A person needs to attend formal firearms training courses for at least one, if not two, very good reasons. The first reason is, of course, to learn how to use the firearm safely and competently for self-defense. This necessitates a critical look at your lifestyle and priorities, and examining where your skills are lacking. Do you live in a crime-infested urban environment, where bars on your windows are practically mandated, or do you live in a rural area, where your German Shepherd will alert you to any approaching hominoids? In these diametrically opposed circumstances, the skills and layers of protection you need to employ are not the same, although in each case, there are definite security issues.
Skill at arms can come outside of formal training. Many people rely upon past military training as their basis for knowing how to shoot, while others rely upon competition to sharpen their self-defense skills. Additionally, many people were taught as youngsters how to shoot firearms, and in my opinion, this is where a young boy or girl’s initial training should occur.
I happen to be married to a lady whose father felt it was necessary to teach his two daughters how to use that .22 rifle he kept by the back door of the farmhouse. What a pleasure it was for me as an instructor to begin teaching her how to use a handgun for self-defense, as she didn’t have to fight through a fog of mixed brainwaves to learn the lessons she was being taught. There was no fear of guns, nor any moral re-programming necessary for her to understand that it was okay to use deadly force if threatened with the same. Her father (a God-fearing man) had taught her that before she was a teenager.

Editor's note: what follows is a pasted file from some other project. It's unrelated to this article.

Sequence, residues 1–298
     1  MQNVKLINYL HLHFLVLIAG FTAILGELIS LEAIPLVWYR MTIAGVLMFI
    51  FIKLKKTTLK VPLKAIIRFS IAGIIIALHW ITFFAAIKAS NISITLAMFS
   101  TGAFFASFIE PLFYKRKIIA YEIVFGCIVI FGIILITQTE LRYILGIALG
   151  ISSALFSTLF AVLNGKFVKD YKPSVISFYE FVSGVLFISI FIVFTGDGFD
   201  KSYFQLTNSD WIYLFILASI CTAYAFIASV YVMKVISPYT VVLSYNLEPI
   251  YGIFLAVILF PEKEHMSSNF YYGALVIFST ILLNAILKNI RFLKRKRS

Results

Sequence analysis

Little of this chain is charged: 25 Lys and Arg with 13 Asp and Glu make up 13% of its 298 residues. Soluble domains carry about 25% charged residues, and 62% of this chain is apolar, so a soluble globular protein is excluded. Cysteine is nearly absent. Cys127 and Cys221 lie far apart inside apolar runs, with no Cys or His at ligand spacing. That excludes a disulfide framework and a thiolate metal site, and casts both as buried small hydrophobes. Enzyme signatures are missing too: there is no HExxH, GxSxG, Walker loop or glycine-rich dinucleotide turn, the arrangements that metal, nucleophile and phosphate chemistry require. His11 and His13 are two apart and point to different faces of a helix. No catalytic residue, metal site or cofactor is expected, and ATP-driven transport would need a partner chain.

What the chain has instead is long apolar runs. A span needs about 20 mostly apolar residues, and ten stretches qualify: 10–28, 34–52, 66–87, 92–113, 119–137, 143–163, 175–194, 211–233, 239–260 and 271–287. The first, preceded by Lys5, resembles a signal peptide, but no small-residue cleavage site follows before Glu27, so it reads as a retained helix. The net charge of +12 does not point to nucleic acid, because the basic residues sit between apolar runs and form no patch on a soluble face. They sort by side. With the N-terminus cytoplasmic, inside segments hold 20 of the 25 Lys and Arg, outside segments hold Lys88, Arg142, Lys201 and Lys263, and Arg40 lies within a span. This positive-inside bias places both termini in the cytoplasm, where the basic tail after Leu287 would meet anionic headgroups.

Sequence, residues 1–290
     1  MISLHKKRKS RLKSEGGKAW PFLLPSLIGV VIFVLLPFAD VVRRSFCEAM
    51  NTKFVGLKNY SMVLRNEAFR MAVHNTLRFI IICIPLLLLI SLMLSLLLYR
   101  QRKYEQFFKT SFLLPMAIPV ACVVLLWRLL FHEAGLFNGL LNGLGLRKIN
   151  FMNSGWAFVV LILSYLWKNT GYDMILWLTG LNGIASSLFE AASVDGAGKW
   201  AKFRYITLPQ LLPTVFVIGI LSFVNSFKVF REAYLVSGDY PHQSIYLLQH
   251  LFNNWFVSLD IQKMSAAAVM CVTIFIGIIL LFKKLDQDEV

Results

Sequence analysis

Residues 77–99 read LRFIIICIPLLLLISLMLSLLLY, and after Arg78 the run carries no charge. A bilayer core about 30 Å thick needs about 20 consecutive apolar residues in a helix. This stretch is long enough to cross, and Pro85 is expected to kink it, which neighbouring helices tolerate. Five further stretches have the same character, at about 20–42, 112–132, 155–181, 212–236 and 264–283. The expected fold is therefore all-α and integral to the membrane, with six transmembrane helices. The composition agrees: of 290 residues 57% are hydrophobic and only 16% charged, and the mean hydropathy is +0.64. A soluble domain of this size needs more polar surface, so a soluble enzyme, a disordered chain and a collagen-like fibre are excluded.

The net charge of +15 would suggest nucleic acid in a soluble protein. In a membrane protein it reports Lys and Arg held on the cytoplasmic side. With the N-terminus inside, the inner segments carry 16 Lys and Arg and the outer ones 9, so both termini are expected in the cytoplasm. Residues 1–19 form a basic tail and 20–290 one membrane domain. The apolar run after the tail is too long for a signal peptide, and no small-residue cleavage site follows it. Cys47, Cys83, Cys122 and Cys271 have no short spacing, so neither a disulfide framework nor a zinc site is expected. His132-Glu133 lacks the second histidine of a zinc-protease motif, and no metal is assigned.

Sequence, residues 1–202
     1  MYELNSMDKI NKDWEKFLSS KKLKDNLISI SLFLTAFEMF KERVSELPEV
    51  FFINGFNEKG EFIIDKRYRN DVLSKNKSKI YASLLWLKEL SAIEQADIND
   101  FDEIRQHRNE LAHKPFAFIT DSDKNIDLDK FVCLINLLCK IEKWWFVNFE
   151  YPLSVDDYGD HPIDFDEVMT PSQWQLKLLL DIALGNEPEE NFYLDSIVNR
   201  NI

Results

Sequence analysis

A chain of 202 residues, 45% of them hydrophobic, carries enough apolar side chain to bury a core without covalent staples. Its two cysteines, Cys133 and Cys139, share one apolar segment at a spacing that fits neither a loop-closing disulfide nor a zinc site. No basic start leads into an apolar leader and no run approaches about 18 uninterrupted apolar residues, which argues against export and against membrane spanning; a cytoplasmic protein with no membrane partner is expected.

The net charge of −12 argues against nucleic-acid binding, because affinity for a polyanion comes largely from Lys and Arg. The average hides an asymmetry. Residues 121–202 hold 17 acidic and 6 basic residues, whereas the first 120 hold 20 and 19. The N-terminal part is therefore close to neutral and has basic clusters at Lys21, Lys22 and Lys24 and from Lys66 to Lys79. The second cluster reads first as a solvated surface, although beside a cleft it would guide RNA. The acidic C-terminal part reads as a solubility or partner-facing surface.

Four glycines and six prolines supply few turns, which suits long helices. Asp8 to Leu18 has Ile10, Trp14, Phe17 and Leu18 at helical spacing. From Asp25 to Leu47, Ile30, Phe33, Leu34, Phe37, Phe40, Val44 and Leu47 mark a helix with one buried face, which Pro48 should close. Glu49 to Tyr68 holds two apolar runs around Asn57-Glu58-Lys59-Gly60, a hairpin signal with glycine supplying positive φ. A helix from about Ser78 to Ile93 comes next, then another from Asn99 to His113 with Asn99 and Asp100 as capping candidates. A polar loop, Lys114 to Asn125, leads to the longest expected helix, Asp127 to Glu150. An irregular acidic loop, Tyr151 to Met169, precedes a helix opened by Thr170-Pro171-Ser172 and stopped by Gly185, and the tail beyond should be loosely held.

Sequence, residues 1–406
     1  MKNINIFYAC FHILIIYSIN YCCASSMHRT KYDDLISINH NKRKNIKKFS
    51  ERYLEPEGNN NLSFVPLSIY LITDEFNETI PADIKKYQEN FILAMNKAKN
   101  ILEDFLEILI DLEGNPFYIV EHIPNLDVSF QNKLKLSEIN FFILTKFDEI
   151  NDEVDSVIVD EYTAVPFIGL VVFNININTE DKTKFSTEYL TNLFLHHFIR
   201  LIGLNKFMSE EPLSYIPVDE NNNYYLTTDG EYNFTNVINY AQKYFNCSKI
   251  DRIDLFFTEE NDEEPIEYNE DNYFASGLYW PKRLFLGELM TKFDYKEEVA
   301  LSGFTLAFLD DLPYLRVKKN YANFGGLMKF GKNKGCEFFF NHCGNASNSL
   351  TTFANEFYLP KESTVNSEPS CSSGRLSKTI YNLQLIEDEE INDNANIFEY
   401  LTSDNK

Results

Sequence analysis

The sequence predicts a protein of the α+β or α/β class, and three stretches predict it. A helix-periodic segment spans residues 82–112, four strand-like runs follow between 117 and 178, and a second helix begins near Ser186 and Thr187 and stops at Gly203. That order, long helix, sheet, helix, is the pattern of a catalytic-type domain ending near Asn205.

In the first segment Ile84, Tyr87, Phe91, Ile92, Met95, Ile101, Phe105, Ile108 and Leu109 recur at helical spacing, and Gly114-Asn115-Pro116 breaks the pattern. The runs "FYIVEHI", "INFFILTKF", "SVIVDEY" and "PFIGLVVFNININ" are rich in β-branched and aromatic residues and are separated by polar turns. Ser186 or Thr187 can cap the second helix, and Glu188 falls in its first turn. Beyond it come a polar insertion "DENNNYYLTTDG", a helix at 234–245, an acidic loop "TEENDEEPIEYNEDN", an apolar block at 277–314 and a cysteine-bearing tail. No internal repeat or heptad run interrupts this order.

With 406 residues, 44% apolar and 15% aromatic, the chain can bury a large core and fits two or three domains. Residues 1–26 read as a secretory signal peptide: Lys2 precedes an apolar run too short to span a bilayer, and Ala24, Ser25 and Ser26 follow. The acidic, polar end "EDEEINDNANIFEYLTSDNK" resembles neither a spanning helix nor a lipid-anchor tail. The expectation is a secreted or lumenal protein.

Try to Gain Confidence
Even if you have acquired the ability to shoot guns safely and competently, you must also examine how confident you feel in your role as your own number one protector. Do you feel confident in your skills and abilities? Do you find yourself fearful at times, even though you have your concealed carry handgun with you? If so, take it from a guy who has devoted most of his working adult life to helping people gain this confidence: Get some training.